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Hawaii camellia sinensis “true tea”

Tea is finicky. There are specific conditions and a particular climate needed for camellia sinensis—or “true tea”—to thrive. Acidic soil with good drainage, a 70-90% humidity range, elevation, ample sunlight, and light rainfall are all required. Hawaiʻi has all of those attributes, plus another big bonus: volcanic soil.

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This makes the Hawaiian islands (mainly the “Big Island” but also upcountry Maui and certain parts of Oʻahu) one of only a handful of places in the U.S. that can successfully grow tea. 

Brittnee Lau is the owner of Treehouse Teas and is committed to using only 100% Hawaiʻi-grown teas and botanicals in her products. It’s safe to say that she likes tea; “Tea is the second most-consumed drink after water. Water. We are only second in this world to water,” she says. 

Treehouse Teas hosted a virtual event in February, “State of the Hawaiʻi Tea Industry with Eva Lee,” which is currently available as a replay on Treehouse Tea’s website. Eva Lee is one of Hawaiʻi’s first growth tea farmers and has had a major impact on increasing the accessibility of Hawaiʻi-grown tea. The seminar recounted the history of growing tea in Hawaiʻi, where the industry currently stands, and its hopeful future. 

Tea was originally introduced to Hawaiʻi in the late 1800s. Commercial-scale production was experimented with but abandoned after less than a decade. It was written in the tea leaves: the coffee industry was just far more profitable. In the 1960s, Lipton considered giving it another try but the high cost of production and labor in Hawaiʻi ultimately steered them away.  

Tea began its reintroduction in Hawaiʻi in 2000. Henceforth, while China and Japan have been perfecting the farming of tea for centuries, Hawaiʻi growers are mostly first-generation novices in an industry that is locally in its infancy.
 “Even though 20 years of tea planting in Hawaiʻi sounds like a lot, we are still very much in an experimentation and innovation period. We’re still figuring out what processing methods work with our climates, our soils, and our cultivars,” says Brittnee. 

And while Hawaiʻi tea farmers—mostly “backyard growers” with a small percentage working on a commercial scale—are growing oolong, green, black, and white tea, the final product is unique to the islands. 
Brittnee explains:

When you are a tea grower anywhere, you are always a slave to the environment because the tea plant is a sponge. It will soak up the flavor of the flowers, seasons, etcetera. Tea also has terrior. Think about wine: you can use a clone grape from Burgundy, bring it to California, and make it in the exact same way. You will still end up with a very different wine. The same is true with tea. So I like to say we have “Hawaiʻi Tea” because our growing methods are different (we literally grow tea bushes around ʻŌhiʻa trees to keep the natives. Most other countries would just clear the field).”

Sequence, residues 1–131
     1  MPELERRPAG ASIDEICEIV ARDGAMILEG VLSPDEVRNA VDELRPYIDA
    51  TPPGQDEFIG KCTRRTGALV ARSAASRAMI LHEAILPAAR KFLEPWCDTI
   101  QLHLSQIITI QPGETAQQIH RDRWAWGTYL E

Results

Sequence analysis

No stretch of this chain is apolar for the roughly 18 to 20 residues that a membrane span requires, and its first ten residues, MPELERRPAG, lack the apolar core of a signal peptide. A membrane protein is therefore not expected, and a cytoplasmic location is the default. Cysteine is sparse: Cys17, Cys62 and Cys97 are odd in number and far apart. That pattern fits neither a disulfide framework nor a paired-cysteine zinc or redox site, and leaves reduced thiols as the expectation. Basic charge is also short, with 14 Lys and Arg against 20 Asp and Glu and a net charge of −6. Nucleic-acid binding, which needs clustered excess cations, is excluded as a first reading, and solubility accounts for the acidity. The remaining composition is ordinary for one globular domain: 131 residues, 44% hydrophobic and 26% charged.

Nearly all growers in Hawaiʻi are also picking and processing their own tea, whereas elsewhere in the world, tea would be grown in one location, processed, and roasted in other locations. Tea in Hawaiʻi is being produced artisanally, not only on a small scale but with great care. 

Brittnee is also ardent to point out that true tea in Hawaiʻi should be referred to as “Hawaiʻi-grown tea,” reserving the word “Hawaiian” for herbals, natives, and medicinals (think: māmaki). “I purposely avoid using the term ‘Hawaiian’ in anything because tea is not native,” she says. “I don't agree with how ʻisland-inspired’ cheap flavored imported teas are marketed as ‘Hawaiian Tea’. As a Native Hawaiian, I have an extra responsibility not to partake in any form of commodification of culture or misleading packaging.”

While the culture of tea in Hawaiʻi is still in its early days, the islands’ growers are steeping in hope. Hawaiʻi-grown tea has the potential to be a cash crop, commercially produced and exported, making a positive impact on the local economy and communities. Tea grown in Hawaiʻi must be made more accessible and local tea drinkers must reach for local tea options again and again. This will create the sustainable tea economy for Hawaiʻi that Brittnee dreams about. 

“I have never really understood why the Hawaiʻi Department of Agriculture has not put more money behind true tea. Just looking at history, and even modern-day practices of other countries, tea farming literally stimulates economies. I truly believe tea has the potential to be Hawaiʻi’s next major export,” Brittnee says. 

Right now in the Common Ground marketplace, shop Treehouse Teas’ "Milk Chocolate Oolong,” made with tea grown at the Volcano Tea Garden, cinnamon from Kona, and vanilla and cacao shells from Oʻahu. Also available, Treehouse Teas’ “Prime” Blend, with a primary ingredient of māmaki, a medicinal, endemic to Hawaiʻi. The flavors of moringa, ginger, lemongrass root, and hola santa make a cup of “Prime” tea a herbaceous taste of Hawaiʻi.

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